Bad blood had not always separated Native and European Americans in Pennsylvania. The "Long Peace" established by William Penn and the Delaware tribe had stretched from the colony's founding until the 1750s. But European settlers also had been pushing Indians steadily westward, and each generation of displaced natives had sought a new Indian homeland beyond the borderlands. In the 1710s, the Delaware of southeast Pennsylvania had tried to settle in the Susquehanna Valley. After the infamous markerWalking Purchase of 1737 drove the Delaware from much of eastern Pennsylvania they had moved west of the Alleghenies and into the Wyoming Valley.

Pennsylvania's population doubled between 1740 and 1760 to more than 200,000. The Long Peace officially ended with the French and Indian War of the 1750s. Supplied by arms from the French, the Delaware and Shawnee tribes struck back, and the Pennsylvanian borderlands became killing grounds. At the Treaty of Easton in 1758 and again in the Proclamation of 1763, British authorities barred colonists from Indian lands west of first the Appalachian mountains, and then the Allegheny mountains. But settlers had little respect for lines drawn on paper and even Pontiac's Rebellion could not hold back the flood of people pushing west. During the American Revolution, the Ohio Valley again became a killing ground. And when Britain in the Treaty of Paris gave the new United States all land south of the Great Lakes and east of the Mississippi, its Indian allies were appalled and outraged.
1805 Map Of Pittsburgh
1805 Map of Pittsburgh

In the early 1780s, Pennsylvania adopted a yet another Indian policy: Natives must "immediately cease their outrages," or Pennsylvania would, in the words of markerJohn Dickinson, "extirpate them from the land where they were born and now live." That extirpation was complete by the time Lewis arrived in Pittsburgh in July, 1803. At that time, too, the federal government and officials in other states and territories were in the midst of massive grabs of remaining Indian lands east of the Mississippi.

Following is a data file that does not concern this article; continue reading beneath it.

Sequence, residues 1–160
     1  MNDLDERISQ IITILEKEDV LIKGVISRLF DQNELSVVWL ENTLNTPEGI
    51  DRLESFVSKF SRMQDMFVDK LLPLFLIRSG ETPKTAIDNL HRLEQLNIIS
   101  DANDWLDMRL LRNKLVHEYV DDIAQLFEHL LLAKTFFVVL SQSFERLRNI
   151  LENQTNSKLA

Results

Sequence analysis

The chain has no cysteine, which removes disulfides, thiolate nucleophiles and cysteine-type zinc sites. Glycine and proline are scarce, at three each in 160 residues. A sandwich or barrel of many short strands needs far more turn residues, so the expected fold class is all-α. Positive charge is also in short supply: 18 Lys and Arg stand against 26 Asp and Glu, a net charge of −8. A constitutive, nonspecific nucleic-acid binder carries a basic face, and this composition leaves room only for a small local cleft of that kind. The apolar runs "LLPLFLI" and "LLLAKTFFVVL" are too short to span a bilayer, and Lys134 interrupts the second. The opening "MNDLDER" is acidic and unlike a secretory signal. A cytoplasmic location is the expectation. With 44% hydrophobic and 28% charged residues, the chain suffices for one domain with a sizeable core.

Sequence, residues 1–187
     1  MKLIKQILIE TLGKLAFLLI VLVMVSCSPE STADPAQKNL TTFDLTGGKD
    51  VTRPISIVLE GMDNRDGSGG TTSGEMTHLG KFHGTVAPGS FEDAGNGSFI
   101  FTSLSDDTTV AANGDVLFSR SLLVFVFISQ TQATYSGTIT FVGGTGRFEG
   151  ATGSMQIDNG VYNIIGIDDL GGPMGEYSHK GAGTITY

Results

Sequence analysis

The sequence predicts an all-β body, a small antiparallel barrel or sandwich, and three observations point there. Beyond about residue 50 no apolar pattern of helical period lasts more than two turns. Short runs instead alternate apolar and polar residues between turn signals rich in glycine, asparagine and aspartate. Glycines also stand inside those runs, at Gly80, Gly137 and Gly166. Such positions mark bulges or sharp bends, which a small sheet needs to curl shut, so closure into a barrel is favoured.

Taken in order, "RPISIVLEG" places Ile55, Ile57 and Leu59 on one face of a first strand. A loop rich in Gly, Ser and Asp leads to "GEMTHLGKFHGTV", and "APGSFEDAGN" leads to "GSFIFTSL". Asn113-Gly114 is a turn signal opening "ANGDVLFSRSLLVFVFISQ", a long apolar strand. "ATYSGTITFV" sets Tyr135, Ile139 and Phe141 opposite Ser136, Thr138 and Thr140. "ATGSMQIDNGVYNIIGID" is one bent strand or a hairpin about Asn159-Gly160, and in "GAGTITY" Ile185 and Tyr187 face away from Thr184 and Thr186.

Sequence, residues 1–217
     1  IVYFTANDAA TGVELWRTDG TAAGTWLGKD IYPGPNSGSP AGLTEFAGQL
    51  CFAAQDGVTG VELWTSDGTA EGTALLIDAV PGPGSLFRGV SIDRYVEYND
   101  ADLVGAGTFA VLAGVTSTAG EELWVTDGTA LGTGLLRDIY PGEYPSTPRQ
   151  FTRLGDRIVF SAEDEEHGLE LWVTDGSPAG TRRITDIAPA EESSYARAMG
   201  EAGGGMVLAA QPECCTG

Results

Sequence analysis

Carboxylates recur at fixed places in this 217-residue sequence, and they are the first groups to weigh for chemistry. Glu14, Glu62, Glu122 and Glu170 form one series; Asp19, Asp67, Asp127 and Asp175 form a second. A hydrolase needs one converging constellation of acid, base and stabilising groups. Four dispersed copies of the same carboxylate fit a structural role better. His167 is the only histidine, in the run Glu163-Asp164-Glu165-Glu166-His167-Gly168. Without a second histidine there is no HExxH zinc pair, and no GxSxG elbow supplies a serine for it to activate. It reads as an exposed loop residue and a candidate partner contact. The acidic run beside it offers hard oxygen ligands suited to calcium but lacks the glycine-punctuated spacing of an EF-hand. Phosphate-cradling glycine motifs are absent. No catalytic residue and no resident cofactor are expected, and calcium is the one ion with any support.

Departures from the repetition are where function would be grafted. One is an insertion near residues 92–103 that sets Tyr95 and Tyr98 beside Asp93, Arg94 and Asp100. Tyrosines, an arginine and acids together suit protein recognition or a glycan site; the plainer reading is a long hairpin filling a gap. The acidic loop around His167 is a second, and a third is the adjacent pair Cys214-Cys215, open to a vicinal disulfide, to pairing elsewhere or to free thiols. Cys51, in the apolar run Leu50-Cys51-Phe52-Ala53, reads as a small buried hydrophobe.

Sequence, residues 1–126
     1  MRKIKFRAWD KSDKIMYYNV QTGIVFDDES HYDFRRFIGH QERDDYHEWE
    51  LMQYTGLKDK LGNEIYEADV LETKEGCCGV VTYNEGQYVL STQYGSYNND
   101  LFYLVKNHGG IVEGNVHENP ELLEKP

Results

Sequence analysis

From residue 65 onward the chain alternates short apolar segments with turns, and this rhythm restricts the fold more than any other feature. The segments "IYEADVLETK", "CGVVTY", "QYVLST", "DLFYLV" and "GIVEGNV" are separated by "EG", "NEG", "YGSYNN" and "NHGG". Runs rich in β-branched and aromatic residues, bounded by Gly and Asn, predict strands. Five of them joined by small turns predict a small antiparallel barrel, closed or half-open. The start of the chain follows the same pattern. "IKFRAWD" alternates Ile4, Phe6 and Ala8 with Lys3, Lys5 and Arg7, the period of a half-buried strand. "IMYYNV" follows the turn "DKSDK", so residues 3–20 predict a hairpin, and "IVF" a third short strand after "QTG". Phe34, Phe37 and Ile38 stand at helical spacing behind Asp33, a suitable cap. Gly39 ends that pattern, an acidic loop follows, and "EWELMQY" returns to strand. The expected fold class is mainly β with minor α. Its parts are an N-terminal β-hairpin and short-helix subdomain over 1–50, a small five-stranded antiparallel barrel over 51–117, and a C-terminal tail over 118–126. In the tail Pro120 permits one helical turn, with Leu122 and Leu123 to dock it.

While George Washington was president, his administration had adopted a new "civilization plan" to force Indians to abandon their traditional communal ways of life for European-style family farming - and to appropriate the "excess" land no longer needed for hunting and foraging. The year that Lewis and Clark began their expedition, President Thomas Jefferson wrote to Indiana territorial governor William Henry Harrison that he would "be glad to see the good and influential individuals among them [Native Americans] run into debt, because we observe that when these debts get beyond what the individual can pay, they become willing to lop them off by a cessation of lands."

Jefferson planned to relocate displaced Native Americans onto the lands that Lewis and Clark were exploring. One of Lewis and Clark's primary missions on their great expedition was to make contact with tribes west of the Mississippi: to cultivate them as trading partners, win their allegiance to the United States, study them, and prepare the way for the relocation of eastern Indians. When Lewis departed Pittsburgh, Jefferson believed North America was so vast that it would take 500 years for his countrymen to spread across the continent. For many Native Americans beyond the borderlands the Lewis and Clark Expedition heralded the arrival of a people who, in fact, swept across their continent in but a handful of decades.

Fort Fayette last served the nation as Commodore Perry's supply base during the War of 1812. The fort was abandoned in 1814.